Women’s right to vote – Arlington’s history

One hundred years ago, in 1920, American women won the right to vote with the ratification of the 19th amendment to the United States Constitution. The suffrage campaign had been neither easy nor straightforward. In 1915  Massachusetts voters in a state referendum on the issue soundly defeated women’s suffrage—only males voted of course, and they cast 68% of their votes against the measure. Arlington men voted 1410 (no) to 857 (yes).

Arlington had strong suffrage and anti-suffrage organizations with women in the vanguard of both. The Arlington’s Woman’s Club (AWC), the town’s powerhouse women’s organization with hundreds of members had a record of accomplishments  from the establishment of the Arlington Visiting Nurses Association, to successfully lobbying the state for prison reform.

AWC provided the leadership–the leaders of both factions  became AWC Presidents– for both the anti-suffrage and the pro-suffrage  groups, but the “battle” was decidedly sedate and middle class featuring teas, political plays, and lectures. After the amendment passed  In order to accommodate a much-enlarged electorate, Arlington town meeting changed from an open form to a representative one. The 1921 Town Meeting was the first to have both precinct and women representatives, and they’ve been there ever since!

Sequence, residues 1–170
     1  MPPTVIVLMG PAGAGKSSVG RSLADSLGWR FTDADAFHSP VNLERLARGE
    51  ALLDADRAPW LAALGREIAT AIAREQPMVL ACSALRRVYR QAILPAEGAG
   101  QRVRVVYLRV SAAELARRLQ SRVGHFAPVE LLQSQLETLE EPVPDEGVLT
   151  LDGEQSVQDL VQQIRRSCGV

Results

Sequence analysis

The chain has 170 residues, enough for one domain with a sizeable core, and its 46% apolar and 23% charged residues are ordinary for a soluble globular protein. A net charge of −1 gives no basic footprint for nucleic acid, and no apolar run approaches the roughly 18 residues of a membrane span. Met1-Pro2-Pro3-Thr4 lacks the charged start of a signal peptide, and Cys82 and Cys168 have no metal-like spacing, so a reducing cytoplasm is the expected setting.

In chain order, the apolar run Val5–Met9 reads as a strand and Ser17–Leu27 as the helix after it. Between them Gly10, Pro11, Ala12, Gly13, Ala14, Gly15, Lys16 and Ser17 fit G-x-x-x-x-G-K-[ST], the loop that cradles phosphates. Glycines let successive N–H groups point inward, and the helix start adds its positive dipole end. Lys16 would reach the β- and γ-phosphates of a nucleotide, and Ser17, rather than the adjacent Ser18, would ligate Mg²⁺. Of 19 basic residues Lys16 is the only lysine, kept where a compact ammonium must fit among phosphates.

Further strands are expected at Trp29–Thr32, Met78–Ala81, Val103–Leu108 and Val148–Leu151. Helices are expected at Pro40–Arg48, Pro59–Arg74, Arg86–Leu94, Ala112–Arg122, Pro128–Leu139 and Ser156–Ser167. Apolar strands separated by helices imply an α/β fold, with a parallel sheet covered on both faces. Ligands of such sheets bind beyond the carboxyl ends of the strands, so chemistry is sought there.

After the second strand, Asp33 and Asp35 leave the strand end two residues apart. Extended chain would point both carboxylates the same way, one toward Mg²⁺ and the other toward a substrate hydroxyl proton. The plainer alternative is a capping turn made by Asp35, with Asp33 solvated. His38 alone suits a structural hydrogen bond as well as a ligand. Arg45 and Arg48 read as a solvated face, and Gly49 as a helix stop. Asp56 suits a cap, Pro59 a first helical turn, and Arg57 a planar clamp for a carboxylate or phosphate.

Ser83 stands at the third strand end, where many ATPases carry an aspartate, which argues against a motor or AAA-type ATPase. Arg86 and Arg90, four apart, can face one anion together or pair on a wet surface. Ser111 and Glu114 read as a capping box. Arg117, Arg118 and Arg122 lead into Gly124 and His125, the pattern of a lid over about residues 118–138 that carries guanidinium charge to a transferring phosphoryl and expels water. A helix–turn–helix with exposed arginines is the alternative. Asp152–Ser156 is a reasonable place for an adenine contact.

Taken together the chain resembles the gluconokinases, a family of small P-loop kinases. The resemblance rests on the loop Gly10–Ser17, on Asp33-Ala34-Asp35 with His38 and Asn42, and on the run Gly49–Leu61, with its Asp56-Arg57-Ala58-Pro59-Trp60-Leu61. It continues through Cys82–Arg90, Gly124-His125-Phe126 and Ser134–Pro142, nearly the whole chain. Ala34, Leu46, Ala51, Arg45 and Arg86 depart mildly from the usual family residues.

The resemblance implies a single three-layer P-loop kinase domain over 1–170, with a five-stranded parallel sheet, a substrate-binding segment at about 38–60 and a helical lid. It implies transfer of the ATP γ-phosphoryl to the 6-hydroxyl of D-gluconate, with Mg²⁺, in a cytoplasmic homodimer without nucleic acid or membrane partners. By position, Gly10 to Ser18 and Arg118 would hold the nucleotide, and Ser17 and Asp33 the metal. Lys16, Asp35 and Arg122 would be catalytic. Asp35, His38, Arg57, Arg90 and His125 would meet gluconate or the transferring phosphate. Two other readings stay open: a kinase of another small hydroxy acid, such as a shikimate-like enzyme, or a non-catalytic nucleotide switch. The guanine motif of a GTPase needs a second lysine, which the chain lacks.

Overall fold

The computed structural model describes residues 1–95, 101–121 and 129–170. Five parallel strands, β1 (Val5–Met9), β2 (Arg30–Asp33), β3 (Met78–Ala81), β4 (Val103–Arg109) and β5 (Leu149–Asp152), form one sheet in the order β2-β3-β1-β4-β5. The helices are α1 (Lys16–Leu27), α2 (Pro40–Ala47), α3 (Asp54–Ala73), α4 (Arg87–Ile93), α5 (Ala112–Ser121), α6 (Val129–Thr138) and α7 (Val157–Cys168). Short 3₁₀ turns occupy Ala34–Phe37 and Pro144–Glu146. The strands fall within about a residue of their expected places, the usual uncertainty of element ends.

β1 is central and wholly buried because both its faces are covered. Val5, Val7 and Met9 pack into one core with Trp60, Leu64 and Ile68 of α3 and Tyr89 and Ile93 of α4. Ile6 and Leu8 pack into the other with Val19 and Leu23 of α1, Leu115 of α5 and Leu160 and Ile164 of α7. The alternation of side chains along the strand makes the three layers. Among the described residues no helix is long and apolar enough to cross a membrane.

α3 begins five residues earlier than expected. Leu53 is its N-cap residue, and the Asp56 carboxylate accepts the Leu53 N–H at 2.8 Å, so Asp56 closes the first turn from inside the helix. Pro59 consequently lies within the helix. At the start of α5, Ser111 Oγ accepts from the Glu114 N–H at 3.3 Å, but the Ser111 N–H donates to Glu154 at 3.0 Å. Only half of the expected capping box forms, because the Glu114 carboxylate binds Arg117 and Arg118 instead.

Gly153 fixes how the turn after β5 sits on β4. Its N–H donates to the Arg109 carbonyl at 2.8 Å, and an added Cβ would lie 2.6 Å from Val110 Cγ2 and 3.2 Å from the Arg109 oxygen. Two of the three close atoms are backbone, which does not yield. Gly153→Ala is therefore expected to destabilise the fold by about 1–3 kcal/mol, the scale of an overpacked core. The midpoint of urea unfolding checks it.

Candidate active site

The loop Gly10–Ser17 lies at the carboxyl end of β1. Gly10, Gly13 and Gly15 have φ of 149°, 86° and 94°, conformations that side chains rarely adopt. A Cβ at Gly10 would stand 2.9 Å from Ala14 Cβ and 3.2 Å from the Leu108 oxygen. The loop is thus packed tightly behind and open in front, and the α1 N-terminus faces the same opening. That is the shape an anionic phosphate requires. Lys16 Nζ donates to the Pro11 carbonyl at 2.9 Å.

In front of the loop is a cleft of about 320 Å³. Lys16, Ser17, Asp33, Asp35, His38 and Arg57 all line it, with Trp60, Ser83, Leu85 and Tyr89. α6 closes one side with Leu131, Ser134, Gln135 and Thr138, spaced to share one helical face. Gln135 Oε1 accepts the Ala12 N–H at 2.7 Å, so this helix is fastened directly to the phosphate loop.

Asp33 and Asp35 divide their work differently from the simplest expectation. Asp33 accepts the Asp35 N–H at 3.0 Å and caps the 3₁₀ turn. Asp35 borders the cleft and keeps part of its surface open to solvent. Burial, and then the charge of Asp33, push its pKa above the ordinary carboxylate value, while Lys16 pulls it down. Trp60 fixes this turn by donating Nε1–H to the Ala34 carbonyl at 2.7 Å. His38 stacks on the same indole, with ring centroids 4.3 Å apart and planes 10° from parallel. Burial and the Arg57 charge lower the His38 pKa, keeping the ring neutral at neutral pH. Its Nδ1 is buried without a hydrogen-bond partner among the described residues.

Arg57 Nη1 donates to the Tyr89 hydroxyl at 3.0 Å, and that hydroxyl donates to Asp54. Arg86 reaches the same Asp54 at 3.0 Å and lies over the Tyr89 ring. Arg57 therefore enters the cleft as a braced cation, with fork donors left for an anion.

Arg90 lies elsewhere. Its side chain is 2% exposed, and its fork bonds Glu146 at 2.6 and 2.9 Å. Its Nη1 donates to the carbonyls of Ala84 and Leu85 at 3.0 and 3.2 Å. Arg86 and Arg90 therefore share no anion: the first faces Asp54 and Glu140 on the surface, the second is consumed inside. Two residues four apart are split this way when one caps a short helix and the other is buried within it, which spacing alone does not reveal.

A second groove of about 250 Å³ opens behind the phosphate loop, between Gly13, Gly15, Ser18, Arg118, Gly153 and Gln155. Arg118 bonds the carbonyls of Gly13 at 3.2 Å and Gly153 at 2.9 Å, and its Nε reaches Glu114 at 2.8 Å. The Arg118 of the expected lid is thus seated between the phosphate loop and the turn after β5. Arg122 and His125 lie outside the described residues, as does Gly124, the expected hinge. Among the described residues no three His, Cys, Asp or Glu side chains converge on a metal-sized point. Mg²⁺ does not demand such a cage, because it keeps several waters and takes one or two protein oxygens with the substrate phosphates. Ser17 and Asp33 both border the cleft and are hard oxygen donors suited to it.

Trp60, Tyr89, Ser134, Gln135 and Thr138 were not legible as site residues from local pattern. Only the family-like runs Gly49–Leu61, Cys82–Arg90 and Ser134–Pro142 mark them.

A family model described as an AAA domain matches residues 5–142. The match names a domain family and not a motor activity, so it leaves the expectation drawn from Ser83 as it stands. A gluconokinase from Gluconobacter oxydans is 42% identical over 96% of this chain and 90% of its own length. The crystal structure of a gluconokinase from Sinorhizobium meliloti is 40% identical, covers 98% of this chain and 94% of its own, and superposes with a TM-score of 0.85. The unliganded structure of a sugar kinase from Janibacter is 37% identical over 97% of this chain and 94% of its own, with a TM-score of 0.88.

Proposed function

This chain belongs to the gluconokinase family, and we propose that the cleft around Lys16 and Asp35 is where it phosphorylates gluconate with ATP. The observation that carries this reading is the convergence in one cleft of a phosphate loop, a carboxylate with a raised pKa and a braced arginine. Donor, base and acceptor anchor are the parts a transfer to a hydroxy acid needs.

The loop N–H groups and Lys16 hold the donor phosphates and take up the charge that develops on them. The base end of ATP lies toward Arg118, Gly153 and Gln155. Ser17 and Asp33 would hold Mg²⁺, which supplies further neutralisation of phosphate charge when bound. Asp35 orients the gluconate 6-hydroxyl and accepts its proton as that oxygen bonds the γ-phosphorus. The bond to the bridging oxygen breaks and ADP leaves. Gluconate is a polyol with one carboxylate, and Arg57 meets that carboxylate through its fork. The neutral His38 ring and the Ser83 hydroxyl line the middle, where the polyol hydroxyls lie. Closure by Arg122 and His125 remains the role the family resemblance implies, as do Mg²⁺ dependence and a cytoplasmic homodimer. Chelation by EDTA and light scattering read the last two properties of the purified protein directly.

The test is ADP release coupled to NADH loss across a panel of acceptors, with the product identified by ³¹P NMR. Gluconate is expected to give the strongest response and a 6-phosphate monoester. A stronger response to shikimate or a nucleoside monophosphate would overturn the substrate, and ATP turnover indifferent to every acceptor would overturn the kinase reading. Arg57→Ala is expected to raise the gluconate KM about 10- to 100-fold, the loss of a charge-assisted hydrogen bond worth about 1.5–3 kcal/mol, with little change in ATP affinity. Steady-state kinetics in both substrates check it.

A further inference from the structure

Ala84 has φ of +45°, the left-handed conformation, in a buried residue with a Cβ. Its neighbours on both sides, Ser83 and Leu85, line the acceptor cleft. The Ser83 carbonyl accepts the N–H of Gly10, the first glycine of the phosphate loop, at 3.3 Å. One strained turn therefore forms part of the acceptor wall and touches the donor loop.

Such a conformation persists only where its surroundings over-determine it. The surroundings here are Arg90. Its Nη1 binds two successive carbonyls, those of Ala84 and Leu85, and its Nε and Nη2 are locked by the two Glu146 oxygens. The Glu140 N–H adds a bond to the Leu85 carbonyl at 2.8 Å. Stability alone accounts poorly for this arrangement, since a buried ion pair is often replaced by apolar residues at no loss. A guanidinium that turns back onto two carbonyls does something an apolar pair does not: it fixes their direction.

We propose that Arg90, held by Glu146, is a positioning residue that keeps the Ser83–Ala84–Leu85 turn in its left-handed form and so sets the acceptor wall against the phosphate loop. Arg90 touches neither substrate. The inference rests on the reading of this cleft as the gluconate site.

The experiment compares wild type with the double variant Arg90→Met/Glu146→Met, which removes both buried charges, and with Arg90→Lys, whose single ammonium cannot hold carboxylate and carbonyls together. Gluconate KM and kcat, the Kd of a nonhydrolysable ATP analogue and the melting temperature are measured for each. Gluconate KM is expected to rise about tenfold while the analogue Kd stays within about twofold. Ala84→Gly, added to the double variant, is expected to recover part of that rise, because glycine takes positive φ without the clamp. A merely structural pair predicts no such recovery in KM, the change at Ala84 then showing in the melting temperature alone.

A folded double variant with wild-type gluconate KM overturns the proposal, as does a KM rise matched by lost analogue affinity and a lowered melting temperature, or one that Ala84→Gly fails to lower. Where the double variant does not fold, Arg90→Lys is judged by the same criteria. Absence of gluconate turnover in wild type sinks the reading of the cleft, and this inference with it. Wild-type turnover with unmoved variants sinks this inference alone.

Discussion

In addition

Ida Robbins (eldest Robbins sister) was a member of the very first voting group of women-voting Town Meeting members after the 19th Amendment passed – but she had been anti-suffrage before then.

You may wonder why anyone would not want the right to vote.  Many women in Arlington already had power within the cultural spheres of their women’s groups so why would they wish to show up at smoke-filled back rooms with spittoons dominated by men, when their methods were based on female solidarity over which they had control.

Related  Library books on this topic which you can reserve…

Suffrage : Women’s long battle for the vote by Ellen Carol Dubois

Massachusetts in the woman suffrage movement : revolutionary reformers by Barbara F. Berenson

Forging the franchise : the political origins of the women’s vote by Dawn Langan Teele

The woman’s hour : the great fight to win the vote by Elaine F. Weiss

Thank you to local historians, Doreen Stevens and Oakes Plimpton, for information used in this blog post.

This entry was posted in Books, Local History, Uncategorized and tagged . Bookmark the permalink.

Leave a Reply

Fill in your details below or click an icon to log in:

WordPress.com Logo

You are commenting using your WordPress.com account. Log Out /  Change )

Google photo

You are commenting using your Google account. Log Out /  Change )

Twitter picture

You are commenting using your Twitter account. Log Out /  Change )

Facebook photo

You are commenting using your Facebook account. Log Out /  Change )

Connecting to %s